SAARC: Realising Shared Destiny


Regionalism has become one of the pillars of today’s world order. There is hardly any part of the world where a regional organisation has not been given shape by the countries of a particular region. In fact, regionalism as a means of consolidating relations between countries of a particular geographic region, sub-region or likeminded states to preserve and promote their common socio-economic and politico-strategic goals and interests is a post-World War phenomenon. Regionalism is a concept that stands somewhere in between nationalism and universalism, and has become sine qua non of international politics.

The idea of development through regional cooperation acquired momentum in the post-Cold War era. The process of globalisation and market economy also impelled the building of strong regional linkages. As a result, regional organisations have become vehicles of development, prosperity and security in many parts of the world.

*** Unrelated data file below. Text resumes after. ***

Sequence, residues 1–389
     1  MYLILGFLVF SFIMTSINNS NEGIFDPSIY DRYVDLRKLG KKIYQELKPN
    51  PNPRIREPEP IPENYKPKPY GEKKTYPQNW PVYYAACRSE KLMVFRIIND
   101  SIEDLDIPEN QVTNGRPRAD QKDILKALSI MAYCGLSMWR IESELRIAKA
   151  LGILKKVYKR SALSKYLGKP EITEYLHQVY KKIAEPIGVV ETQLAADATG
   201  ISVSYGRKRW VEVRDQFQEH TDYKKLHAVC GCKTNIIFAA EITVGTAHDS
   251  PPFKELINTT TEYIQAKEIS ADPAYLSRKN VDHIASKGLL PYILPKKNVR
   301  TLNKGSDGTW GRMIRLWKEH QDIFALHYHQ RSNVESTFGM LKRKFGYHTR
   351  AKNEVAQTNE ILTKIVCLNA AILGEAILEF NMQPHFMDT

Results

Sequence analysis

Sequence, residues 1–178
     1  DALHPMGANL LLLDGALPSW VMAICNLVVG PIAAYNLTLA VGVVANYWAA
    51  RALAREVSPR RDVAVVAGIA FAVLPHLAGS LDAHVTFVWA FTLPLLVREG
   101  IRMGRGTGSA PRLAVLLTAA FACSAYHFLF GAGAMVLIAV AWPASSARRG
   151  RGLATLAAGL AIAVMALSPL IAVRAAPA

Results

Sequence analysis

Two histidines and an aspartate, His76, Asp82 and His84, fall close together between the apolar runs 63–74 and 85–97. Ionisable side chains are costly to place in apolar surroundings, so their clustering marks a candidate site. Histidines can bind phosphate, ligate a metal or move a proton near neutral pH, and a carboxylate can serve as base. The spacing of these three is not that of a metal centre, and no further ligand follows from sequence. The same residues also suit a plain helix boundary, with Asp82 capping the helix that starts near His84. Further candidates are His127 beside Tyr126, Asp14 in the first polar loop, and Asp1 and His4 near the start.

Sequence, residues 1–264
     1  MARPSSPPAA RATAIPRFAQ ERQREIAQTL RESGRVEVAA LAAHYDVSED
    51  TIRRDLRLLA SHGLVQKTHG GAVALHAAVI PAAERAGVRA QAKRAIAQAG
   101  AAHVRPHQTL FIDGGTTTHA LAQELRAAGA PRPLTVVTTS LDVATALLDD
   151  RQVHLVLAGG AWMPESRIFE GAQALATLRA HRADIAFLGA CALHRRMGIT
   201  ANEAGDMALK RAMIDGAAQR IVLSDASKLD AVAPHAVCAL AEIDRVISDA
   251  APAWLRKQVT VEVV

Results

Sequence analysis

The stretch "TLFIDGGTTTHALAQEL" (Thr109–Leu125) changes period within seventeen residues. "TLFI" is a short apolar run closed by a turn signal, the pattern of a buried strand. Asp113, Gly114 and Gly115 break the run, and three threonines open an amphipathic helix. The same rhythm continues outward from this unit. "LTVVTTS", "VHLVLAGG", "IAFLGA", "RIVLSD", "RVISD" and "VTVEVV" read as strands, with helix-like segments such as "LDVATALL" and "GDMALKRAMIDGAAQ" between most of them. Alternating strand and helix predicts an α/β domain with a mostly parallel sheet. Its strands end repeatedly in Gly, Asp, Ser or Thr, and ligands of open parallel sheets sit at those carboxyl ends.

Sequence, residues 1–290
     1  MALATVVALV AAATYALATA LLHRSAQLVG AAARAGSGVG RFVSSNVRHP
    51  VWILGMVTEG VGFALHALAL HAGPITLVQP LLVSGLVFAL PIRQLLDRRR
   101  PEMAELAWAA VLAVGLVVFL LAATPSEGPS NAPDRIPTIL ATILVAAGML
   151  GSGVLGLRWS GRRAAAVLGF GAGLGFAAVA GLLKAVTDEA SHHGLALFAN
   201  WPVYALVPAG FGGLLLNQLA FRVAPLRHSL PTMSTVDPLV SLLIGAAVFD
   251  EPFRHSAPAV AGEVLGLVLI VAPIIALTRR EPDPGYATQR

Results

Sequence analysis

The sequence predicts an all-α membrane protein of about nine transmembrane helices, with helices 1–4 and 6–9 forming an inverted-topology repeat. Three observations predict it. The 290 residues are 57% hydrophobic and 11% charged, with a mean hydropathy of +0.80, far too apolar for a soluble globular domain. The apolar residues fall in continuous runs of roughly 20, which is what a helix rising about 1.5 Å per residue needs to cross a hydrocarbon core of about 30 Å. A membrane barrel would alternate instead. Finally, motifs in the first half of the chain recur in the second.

The countries of South Asia, though latecomers in the field of regional groupings, attained the objective of establishing a regional organisation – South Asian Association for Regional Cooperation (SAARC) – in 1985. Despite its sluggish progress, SAARC, over the years, has emerged as a reflection of the shared destiny of the countries of the region. It is necessary for any strong regional organisation to have certain common bindings, which bring together the countries of the region in a cooperative framework. SAARC provides a platform where in all countries can play a role in the welfare of the region and join hands on an equitable basis. That way, this institution has much significance and also plays a vital role. There are several factors and forces that have shaped the contours of this important regional grouping.

South Asia – A Unique Geographical Entity